Study finds that disadvantaged teens are more likely to fall for email frauds.

Study finds that disadvantaged teens are more likely to fall for email frauds.

Research reveals that disadvantaged kids have a higher propensity to fall for email frauds.

In a global survey, researchers found that 1 in 7 15-year-olds were vulnerable to falling for a phishing email, with that number rising to 1 in 5 for those from economically disadvantaged homes.

According to research covering 38 nations, children from disadvantaged backgrounds who also have lower levels of cognitive ability are the ones most likely to fall for phishing emails.
A researcher from University College London (UCL) has warned that students, especially those from low-income families and with low academic achievement, require better training about the risks they face when engaging in online activities.

More than 176,000 kids participated in the 2018 Programme for worldwide Student Assessment (Pisa), a triennial worldwide survey by the OECD that assesses the literacy, numeracy, and scientific literacy of students throughout the world in their 15th year.

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Students were asked how they would react if they received an email from a phone company informing them that they had won a smartphone. To gain access to the phone, the sender instructed them to go a link and fill out a form with their personal information.

The online world is growing increasingly complex and dangerous, and more has to be done to assist young people in navigating it.

Possible reactions include asking for more information, responding to the email, or filling out the form as soon as possible by clicking the link provided.
Teenagers from low-income families were significantly more likely to report that they would follow the link, according to the study published in the British Journal of Educational Studies.

A quarter of low-achieving students said they thought clicking the link was a suitable answer, compared to 5% of students in the top quintile of reading scores. This disparity was most strongly associated with cognitive ability.
According to the data, Japanese teenagers had the lowest open rates (4%). The percentage in the UK was 9 percent.

Risk was highest among Mexican and Chilean teenagers.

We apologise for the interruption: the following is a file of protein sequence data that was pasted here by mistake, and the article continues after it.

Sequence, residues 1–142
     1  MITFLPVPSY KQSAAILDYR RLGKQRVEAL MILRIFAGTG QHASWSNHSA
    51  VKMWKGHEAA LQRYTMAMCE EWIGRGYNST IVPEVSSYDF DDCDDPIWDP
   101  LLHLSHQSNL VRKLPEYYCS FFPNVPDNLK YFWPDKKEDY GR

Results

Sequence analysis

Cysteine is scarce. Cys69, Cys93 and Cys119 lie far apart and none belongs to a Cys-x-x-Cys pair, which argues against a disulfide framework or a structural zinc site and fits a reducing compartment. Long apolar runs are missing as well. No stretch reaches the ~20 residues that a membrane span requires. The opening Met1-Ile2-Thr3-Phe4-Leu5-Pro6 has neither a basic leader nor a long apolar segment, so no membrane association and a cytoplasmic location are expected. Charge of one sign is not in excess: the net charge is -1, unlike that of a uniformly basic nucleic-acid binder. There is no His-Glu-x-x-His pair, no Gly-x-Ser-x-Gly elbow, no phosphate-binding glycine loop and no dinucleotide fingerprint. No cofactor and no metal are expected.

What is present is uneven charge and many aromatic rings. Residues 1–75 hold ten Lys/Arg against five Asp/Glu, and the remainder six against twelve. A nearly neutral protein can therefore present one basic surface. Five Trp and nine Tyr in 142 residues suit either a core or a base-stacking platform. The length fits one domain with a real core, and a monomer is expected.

UCL Social Research Institute Professor John Jerrim, the study’s author, has called for increased and improved education about spotting and avoiding online dangers like phishing emails.
His words were, “Socio-economically disadvantaged groups are – at least in some countries – at greater risk from phishing attempts than their more affluent peers.

Cognitive ability disparities along socioeconomic lines are a major factor in this. The schools’ present efforts to solve this problem do not appear to be working very well.

In addition to spreading awareness through education, efforts should be made to stop scam emails from being sent in the first place.

No conclusive evidence that children who were warned about the dangers of phishing emails at school were any less vulnerable to being duped was identified in the study.
“More needs to be done to help young people navigate what is becoming an increasingly complex and dangerous online world,” Prof. Jerrim emphasized.This is especially true for those who are the most susceptible to falling for digital fraud schemes.

The results coincide with a separate analysis by children’s online safety organization Internet Matters, released earlier this week, which found that low-income children are more likely to encounter harmful content when using the internet.
“Schools are acutely aware of the risks that young people can face online and teach pupils about these as part of their relationships, sex, and health education,” said Julie McCulloch, head of policy at the Association of School and College Leaders.People of all ages are vulnerable to cybercrime, and it’s on the rise. In addition to spreading awareness through education, efforts should be made to stop scam emails from being sent in the first place.
According to a representative for the UK’s Home Office, “improved education on how to protect yourself from fraud is a core priority in our Fraud Strategy.” That’s why we collaborated with the Association for Citizenship Teaching to develop a rich curriculum of engaging activities for students in high school. Phishing, money muling, and online social engineering are all discussed.

For the sake of protecting young people and the general public against fraud, the government is “absolutely committed to cracking down on scams” and “we continue to work intensively with partners.”

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